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Jul 10, 2009 11:34 AM

Filet Mignon question

Hi there was hoping for some input.

I am not a filet mignon fan, so I have never cooked them at home, (I like fat!!)
but DH has decided that this is his favorite cut, and so I must start doing so.

What is the best method of cooking them?
I have read a bit about searing them, and then finishing them in the oven, but I'm fearful this would dry them out.

What do my fellow chows recommend?

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  1. Using the method you describe, sear, place in oven @ 450* for 10-11 minutes(depending on thickness), but here the secret of not overcooking......make sure the steak is double thickness and treat as a steak for not cook small thin steaks. if you must, reduce time to 50%. My steaks are a minimum of 3.0 inches. Personally, I like to treat as a small filet of beef or Chateaubriand(15-16 minutes). Cook/roast above as I mentioned, and after resting, make nice 3/4 inch slices.....or thicker or thinner as you desire.

    1 Reply
    1. re: fourunder

      Same I pan sear at high heat with a good salt and pepper crust and then cook to get a good crust on one side and flip, cook another few seconds and transfer to the oven. Cook at 425 for me but my oven runs hot for 8-10 minutes. About 2-3 " steaks at least. Nothing thin. Remove cover to set and make a simple red wine pan sauce, nothing fancy to go on top. I also like a simple blue cheese cream sauce but very little, just a drizzle. A few nice grilled slices of portabellos and onions slices are also great in the pan with the steak in the oven for a great simple side with no work. Serve over the steak and drizzled with the sauce. Easy and quick. A baked potato, some great fillings and so easy but amazing taste.

      I do like a fattier steak at times. But a good fillet to met is classic

    2. I also pan sear them and finish them in the oven. I've been experimenting with pan sauces lately and started a thread on that and received a great response by a lot of folks here.

      I think a pan sauce for this type of cut is nice.

      1. The original comment has been removed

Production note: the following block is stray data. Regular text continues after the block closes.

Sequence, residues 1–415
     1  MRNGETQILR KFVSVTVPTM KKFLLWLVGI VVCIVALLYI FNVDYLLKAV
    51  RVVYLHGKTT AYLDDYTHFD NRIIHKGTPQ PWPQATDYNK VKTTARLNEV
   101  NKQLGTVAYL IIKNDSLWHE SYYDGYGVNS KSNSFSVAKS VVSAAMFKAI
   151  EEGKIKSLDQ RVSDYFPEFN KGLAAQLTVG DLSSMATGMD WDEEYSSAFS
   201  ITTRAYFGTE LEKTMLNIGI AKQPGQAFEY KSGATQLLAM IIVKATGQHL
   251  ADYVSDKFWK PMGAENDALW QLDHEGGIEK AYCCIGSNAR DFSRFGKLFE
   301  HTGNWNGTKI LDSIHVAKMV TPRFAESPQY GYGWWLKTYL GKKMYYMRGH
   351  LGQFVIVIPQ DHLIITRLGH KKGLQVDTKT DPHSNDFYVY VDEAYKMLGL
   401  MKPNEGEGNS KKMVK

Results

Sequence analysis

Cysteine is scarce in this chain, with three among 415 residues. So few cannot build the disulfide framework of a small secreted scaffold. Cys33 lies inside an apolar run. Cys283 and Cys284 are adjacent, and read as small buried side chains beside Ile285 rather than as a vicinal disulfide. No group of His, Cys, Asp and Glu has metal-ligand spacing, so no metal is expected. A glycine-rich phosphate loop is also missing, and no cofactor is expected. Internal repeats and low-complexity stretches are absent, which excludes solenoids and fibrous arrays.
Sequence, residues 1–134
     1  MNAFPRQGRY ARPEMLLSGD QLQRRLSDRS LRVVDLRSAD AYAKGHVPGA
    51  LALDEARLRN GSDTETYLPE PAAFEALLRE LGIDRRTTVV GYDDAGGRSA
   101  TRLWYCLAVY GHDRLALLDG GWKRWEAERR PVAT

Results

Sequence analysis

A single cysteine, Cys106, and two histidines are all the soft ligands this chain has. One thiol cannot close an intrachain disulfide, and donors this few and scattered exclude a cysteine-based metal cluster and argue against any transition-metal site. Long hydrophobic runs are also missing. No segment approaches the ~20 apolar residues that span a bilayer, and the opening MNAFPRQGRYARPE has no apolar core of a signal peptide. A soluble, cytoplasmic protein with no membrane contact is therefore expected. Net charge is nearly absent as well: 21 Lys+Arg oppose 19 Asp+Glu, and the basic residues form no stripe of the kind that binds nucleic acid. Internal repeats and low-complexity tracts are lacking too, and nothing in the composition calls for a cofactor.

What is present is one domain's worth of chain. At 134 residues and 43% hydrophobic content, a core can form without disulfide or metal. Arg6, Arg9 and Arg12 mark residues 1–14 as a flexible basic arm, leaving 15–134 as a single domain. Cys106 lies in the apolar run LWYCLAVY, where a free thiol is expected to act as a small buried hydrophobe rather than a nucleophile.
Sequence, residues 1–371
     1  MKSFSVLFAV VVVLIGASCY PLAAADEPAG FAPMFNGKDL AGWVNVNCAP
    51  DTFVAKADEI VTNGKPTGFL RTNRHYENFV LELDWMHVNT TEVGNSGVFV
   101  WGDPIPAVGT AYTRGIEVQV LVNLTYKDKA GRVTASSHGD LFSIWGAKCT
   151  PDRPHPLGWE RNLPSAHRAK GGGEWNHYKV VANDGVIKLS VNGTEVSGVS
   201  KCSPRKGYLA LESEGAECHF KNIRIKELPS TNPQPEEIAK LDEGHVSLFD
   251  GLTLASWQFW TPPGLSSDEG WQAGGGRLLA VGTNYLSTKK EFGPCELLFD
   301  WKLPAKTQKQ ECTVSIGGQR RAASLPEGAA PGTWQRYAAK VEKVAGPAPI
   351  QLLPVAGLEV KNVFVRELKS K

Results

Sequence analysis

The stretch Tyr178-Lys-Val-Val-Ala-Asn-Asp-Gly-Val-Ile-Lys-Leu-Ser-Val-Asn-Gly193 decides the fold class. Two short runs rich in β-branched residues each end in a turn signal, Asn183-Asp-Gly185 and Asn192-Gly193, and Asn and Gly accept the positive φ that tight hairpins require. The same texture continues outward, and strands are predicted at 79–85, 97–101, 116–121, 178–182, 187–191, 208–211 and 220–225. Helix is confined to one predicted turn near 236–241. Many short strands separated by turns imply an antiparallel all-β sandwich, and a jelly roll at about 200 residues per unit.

1. I agree with you 100%, filet fails the flavor test. No fat = no flavor.

          Similar to Fourunders techique, i like to sear the filet first than place in a oven. But i like to use a lot cooler oven, 275ish for 20ish minutes(depending on size of meat). Reason being, in order to cook a tenderloin to get the perfect red throughout i think a cooler over works better. Its six or half a dozen. If the ovens too hot, you can still cook to a perfect med or med-rare, but often you'll get some grey in the meat.
          To add a little flavor, try wrapping with bacon before placing it in the open, but you'll need to cook the filet at a higher temp than 275.

          2 Replies
          1. re: baldwinwood


            My steaks of choice normally are Delmonico/Rib Eye, Portherhouse and New York Strip........and generally, I prefer to cook these cuts to medium-rare temeperature. For Filet Mignon specific, I actually like mine cooked to rare temperature, or more precisely *Black and Blue* or *Pittsburgh* style.....thus the higher heat.

            With the recent chatter on pre-salting steaks for 12 hours and cooking @ 275....I plan to try both at the same time for my next steak adventure.

            1. re: baldwinwood

              My filets are med rare all the way through, perfect and juicy, 425 in the oven for me and a quick pan sear. Been doing in for 20 years. The only steaks my family will eat and only medium rare. If they saw grey, they would not touch them.

            2. i'm sure the tenderloin bashing won't stop, and i'm in the minority, but i've had some wonderful dishes made from tenderloin. tartares, carpaccio, and filet mignon with truffle cream sauce. there's nothing wrong with tenderloin. is it as fatty and flavorful as other cuts? of course not. does it have its place in the culinary universe? you betcha.

              as far as this whole over-used "fat equals flavor" equation, somebody had better tell mint and yams that. they and a bunch of other foodstuffs didn't get the memo.